On the reversibility of Markov scanning in free-viewing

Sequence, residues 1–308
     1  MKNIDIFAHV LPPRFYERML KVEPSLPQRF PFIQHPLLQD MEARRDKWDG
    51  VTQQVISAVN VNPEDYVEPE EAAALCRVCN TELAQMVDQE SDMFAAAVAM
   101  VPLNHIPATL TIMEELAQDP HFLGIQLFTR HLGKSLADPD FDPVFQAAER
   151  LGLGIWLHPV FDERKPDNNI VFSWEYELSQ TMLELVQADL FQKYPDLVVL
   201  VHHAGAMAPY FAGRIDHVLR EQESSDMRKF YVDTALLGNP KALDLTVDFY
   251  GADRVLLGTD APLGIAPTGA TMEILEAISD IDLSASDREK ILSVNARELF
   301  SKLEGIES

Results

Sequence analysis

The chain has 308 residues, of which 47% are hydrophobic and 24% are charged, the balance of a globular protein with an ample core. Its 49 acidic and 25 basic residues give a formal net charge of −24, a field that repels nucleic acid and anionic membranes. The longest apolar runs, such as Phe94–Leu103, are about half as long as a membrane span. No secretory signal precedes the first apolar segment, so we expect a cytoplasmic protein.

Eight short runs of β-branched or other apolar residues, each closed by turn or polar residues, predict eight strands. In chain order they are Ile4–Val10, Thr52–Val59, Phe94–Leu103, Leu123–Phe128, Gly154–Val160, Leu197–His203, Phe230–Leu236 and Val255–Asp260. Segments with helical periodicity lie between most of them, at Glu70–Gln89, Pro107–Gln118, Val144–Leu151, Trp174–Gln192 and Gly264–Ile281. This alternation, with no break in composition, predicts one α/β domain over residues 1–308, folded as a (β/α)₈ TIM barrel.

The confusing relationship between the probability of fixating a feature and the scanning pattern can be clarified, at least conceptually, by considering scanning as a stochastic feedback system. On each fixation the brain makes a choice of the next fixation target. This choice will depend to some extent on non-visual influences (such as arousal or cognitive expectations), but to a large extent it will depend on the current retinal image. When the eye moves, the retinal image will change, so that the choice of where to move the eye on a fixation affects the choice on the next fixation. Thus, the choice mechanism has feedback because the retinal image, which is an input to the choice mechanism, depends on the current eye position which was the output of the previous choice of fixation (Figure 8.1). As with any feedback system, questions concerning closed loop dynamics cannot be answered by examining only open loop behaviour (such as saccade magnitude distributions). The question of whether the probability of fixating a feature is constantly changing as the scanning pattern evolves is a closed loop problem. It is equivalent to asking whether the system is stable.